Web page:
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Recent Hong Kong first instance decisions have consistently rejected the change of position defence raised by defendants who were mere recipients of defrauded sums. These otherwise innocent defendants who were not implicated in the fraud did not comply with local or foreign legislation or regulations in their change of position. This illegality made them “wrongdoers” in the words of Lord Goff of Chieveley in Lipkin Gorman v Karpnale Ltd,1 barring the change of position defence.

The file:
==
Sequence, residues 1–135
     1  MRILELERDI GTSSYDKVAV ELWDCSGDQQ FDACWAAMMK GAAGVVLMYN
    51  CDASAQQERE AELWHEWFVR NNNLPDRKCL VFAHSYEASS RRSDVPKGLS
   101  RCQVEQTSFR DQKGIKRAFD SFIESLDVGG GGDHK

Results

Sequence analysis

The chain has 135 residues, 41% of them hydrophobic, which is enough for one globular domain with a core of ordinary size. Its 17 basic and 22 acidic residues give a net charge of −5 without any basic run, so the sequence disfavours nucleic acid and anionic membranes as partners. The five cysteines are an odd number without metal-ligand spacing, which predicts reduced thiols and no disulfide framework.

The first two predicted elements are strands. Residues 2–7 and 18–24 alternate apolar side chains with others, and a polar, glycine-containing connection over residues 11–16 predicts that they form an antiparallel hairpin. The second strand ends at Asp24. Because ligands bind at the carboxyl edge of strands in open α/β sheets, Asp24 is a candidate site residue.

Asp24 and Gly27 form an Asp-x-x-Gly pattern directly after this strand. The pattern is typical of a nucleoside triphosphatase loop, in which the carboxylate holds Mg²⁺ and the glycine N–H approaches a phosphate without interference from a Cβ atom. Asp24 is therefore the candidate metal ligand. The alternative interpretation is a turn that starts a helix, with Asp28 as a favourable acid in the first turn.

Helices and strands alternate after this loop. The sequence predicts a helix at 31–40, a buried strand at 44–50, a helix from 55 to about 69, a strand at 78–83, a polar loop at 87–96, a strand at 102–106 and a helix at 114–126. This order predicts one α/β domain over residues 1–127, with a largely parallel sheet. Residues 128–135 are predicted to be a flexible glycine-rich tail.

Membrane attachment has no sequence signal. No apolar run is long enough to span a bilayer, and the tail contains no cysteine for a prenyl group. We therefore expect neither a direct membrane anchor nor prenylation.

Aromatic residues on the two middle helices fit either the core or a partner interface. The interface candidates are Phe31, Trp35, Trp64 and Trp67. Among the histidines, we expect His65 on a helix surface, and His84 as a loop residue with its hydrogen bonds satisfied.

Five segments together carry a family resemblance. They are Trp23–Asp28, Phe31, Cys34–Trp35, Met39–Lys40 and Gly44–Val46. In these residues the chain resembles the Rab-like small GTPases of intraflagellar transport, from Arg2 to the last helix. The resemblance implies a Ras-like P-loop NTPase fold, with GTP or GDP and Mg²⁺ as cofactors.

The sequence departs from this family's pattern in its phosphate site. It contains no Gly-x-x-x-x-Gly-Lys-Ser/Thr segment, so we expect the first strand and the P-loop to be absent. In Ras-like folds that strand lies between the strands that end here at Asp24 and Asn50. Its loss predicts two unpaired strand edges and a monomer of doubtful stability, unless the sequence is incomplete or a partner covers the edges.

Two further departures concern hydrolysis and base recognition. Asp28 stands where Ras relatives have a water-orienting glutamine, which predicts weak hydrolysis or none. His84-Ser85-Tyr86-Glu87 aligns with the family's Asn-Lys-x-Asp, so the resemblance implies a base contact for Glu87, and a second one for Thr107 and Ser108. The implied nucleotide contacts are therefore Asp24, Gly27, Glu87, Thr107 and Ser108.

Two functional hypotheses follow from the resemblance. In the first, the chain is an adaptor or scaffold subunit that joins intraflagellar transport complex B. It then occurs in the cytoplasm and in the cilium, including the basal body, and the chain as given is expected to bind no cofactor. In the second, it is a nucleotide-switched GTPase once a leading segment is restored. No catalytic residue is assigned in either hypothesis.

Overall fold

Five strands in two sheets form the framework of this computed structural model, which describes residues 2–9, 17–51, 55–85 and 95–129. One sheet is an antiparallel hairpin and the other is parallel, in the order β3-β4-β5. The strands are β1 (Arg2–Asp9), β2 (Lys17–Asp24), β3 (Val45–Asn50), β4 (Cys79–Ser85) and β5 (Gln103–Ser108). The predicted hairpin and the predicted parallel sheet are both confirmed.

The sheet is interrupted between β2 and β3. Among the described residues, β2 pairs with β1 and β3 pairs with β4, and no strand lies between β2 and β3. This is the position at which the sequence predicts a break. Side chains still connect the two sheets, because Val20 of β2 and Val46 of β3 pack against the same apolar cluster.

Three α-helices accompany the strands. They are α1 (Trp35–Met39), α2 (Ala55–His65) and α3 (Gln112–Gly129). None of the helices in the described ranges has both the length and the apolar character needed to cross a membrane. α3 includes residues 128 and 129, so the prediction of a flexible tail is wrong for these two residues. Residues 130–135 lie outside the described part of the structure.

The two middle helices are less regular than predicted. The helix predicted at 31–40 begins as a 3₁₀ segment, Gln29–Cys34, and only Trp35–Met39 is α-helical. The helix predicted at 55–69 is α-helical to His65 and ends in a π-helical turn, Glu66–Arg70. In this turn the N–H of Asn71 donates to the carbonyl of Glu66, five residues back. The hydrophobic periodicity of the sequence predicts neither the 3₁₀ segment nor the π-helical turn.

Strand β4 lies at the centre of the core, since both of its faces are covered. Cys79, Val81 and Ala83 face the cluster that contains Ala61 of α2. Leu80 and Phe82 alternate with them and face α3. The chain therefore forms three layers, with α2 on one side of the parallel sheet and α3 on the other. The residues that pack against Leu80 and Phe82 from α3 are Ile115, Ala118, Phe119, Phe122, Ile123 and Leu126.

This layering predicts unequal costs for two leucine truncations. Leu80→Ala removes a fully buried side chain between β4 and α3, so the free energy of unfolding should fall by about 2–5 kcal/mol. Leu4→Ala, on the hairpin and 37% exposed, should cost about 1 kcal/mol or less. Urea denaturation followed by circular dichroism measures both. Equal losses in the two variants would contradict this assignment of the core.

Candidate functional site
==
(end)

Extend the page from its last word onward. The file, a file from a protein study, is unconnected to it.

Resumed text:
In Arrow ECS Norway AS v M Yang Trading Ltd,2 the court rejected the change of position defence raised by various currency exchange operators with respect to their non-compliance with the licensing and due diligence requirements under the Anti-Money Laundering and Counter-Terrorist Financing Ordinance (Cap. 615) (“AMLO”) in Hong Kong. More recently in DBS Bank (Hong Kong) Ltd v Pan Jing,3 the court applied Arrow ECS but went further, holding that a breach of People’s Republic of China (“PRC”) regulatory provisions (ie, outside the jurisdiction of Hong Kong) through “underground banking” transactions precluded the change of position defence. This case also marked a departure from the English position, where it has been held obiter that mere breaches of regulatory offences are insufficiently grave to bar the defence.4 These decisions have entered unchartered territory by expansively interpreting the “wrongdoer” exception to the change of position defence.